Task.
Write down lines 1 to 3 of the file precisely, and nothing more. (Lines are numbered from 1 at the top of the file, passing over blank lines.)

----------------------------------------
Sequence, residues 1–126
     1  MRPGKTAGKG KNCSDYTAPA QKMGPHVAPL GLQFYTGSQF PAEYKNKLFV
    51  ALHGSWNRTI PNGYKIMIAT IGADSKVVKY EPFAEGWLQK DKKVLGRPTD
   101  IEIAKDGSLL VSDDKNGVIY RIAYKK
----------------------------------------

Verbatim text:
Sequence, residues 1–126
     1  MRPGKTAGKG KNCSDYTAPA QKMGPHVAPL GLQFYTGSQF PAEYKNKLFV
    51  ALHGSWNRTI PNGYKIMIAT IGADSKVVKY EPFAEGWLQK DKKVLGRPTD